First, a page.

If the world of architecture has a rock star, it's Frank Gehry. Considered a revolutionary by many, his jutting angles and bewildering slopes have tested the limits of construction and taste. His unruly sculptural approach challenges the notion that form must follow function, and he evokes strong reactions you either love Frank Gehry or you loathe him.
This tension between artistic vision and commercial necessity makes Sydney Pollack an inspired choice as a documentarian of Gehry's work. By his own admission, Pollack knows very little about architecture and that's what makes this cinematic experiment so sincere. A respected Hollywood director (The Interpreter, Three Days of the Condor, Tootsie), Pollack understands the constraints that industry can put on creativity. Capitalizing on his longtime friendship with the celebrated architect, Pollack creates a casual intimacy that reveals much about Gehry's process and personality.
Deliberately avoiding Gehry's personal life, Pollack offers a captivating primer on the architect's convictions and iconoclastic career. An in-depth examination of the Guggenheim Museum in Bilbao, Spain regarded by some as one of the most original works in modern architecture reveals the building's startling beauty and grandeur while revealing the means behind Gehry's vision.
From his desire to challenge architecture's most stilted traditions to the way visual associations influence Gehry's final concepts, Pollack captures some terrific interludes of the architect at work. It's surprisingly engrossing to watch Gehry cut and paste scraps of silver construction paper as he makes instinctual decisions about a structure that will spring from steel beams and corrugated metal.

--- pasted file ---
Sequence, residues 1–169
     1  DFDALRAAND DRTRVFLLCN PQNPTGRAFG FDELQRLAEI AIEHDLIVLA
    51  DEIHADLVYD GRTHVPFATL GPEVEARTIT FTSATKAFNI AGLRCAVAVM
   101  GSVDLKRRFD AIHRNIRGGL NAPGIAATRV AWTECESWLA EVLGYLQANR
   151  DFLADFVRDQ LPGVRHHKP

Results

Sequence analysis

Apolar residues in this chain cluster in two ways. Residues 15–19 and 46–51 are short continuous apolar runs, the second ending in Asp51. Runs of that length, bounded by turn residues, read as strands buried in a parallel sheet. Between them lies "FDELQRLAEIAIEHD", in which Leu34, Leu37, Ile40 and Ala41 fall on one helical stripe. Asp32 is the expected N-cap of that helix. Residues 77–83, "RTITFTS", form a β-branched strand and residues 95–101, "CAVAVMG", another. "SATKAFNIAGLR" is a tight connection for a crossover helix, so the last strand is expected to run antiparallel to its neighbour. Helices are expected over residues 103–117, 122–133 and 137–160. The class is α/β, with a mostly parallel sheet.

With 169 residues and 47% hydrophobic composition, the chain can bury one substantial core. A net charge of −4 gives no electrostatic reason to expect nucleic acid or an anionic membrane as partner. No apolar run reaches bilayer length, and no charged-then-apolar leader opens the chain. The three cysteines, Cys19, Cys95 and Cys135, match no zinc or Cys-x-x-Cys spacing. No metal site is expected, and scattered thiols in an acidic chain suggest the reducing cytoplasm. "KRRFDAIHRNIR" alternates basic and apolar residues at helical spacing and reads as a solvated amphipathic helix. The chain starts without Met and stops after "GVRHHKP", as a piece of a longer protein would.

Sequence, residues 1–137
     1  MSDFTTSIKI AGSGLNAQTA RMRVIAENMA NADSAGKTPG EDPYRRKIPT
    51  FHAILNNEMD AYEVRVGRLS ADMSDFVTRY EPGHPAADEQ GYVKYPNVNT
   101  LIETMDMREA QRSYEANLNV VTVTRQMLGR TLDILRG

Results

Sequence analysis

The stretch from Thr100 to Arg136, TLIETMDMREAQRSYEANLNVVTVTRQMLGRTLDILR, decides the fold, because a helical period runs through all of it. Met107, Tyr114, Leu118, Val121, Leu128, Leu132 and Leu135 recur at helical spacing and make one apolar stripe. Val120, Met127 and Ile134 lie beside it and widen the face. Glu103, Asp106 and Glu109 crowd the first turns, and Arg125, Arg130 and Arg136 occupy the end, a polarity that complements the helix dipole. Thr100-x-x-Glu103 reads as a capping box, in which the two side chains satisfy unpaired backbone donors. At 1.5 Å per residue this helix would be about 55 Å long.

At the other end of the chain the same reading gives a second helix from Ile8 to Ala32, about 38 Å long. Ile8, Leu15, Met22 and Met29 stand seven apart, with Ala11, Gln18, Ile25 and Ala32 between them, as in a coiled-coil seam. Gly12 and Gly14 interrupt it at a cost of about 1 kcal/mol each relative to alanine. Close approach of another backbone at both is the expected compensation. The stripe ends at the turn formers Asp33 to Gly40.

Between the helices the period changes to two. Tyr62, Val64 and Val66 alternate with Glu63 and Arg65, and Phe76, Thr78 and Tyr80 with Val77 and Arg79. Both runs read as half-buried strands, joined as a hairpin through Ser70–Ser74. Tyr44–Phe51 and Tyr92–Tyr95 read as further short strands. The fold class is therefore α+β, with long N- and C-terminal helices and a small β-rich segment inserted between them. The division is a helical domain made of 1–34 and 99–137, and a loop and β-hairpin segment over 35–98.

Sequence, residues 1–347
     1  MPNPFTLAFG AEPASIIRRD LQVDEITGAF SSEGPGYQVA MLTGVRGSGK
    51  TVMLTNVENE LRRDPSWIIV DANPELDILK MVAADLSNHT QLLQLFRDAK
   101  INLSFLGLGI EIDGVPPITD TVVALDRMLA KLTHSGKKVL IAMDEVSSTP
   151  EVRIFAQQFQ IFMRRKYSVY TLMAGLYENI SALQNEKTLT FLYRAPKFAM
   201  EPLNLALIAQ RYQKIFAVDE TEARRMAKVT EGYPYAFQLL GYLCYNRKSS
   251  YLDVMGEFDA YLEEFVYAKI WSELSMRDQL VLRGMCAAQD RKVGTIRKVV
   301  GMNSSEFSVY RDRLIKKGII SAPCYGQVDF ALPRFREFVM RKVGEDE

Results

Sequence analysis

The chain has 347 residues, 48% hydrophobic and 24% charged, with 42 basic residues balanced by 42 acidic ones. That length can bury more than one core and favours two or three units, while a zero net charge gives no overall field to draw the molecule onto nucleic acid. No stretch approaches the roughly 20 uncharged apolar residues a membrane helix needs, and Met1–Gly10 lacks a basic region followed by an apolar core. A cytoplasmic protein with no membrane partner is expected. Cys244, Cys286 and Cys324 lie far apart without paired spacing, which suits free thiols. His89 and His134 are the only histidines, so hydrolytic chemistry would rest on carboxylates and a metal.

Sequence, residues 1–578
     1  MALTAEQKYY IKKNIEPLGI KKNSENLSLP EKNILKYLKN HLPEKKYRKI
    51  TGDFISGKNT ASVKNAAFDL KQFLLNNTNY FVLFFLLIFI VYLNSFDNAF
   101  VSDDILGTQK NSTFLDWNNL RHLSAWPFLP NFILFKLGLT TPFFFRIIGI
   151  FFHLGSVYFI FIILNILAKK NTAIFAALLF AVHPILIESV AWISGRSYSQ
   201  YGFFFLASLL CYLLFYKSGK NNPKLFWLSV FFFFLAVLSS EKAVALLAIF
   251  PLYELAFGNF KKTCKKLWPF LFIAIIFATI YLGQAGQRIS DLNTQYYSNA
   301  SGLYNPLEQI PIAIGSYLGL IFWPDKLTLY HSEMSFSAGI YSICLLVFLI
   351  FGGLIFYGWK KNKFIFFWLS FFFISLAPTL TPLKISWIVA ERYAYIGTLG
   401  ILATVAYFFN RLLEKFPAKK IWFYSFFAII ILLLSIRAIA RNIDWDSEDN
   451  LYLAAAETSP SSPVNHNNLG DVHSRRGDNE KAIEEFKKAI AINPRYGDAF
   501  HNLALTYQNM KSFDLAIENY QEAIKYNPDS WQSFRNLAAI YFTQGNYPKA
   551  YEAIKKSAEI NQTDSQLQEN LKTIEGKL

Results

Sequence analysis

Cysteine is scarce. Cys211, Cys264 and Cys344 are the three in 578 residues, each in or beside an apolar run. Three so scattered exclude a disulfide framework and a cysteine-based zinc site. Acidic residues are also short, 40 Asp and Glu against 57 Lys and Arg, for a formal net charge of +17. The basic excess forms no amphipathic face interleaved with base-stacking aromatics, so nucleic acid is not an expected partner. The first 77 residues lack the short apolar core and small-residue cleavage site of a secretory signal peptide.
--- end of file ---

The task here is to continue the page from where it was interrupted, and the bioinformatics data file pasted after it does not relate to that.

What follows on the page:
Soft-spoken and self-effacing, Gehry is a down-to-earth and unlikely genius. A demonstration how a painting by Hieronymus Bosch influenced his design of Israel's Museum of Tolerance, currently under construction, leaves little doubt the man deserves his reputation. Where Sketches fails, however, is in the depths of its inquiry. You'd think the director's decades-long friendship with Gehry would permit him to explore the most intriguing aspects of the architect's life: his disastrous first marriage, the years of anger issues, the rationale behind his name change (from Goldberg) and the failures of his early career. Unfortunately, these important details rate little more than a passing remark. Detractors of Gehry's work (and there are many) are pushed to the sidelines. Pollack's sole interview with a critic Princeton University professor Hal Foster comes off as cursory and calculated. Foster's smug argument that Gehry's buildings seek to overshadow the art they're intended to display is used as a setup for artist Julian Schnabel's bitchy reply: "If they do compete with the art, maybe that art isn't good enough."
Sketches spends way too much time on fawning testimonials from TV execs Michael Eisner, Barry Diller and Michael Ovitz. Their observations are shallow and oddly self-congratulatory; as if their ability to recognize Gehry's genius was proof of their own genius. Similarly, an interview with Gehry's longtime therapist Milton Wexler, is as unrevealing as it is perplexing. What about doctor-patient confidentiality?
Nevertheless, as a first stab at a documentary, Pollack delivers something worth watching. His enthusiasm and an infectiously inquisitive tone paint a sincere and stimulating portrait of this defiantly unconventional artist. To wit, one of the most revealing moments in the film shows Gehry adding a final oddball touch to one of his models then musing, "That is so stupid-looking, it's great," followed by a triumphant, "Yeeee-ah!"
Showing at the Maple Art Theatre (4135 W. Maple Rd., Bloomfield Hills; 248-263-2111).
Jeff Meyers writes about film for Metro Times. Send comments to email@example.com.
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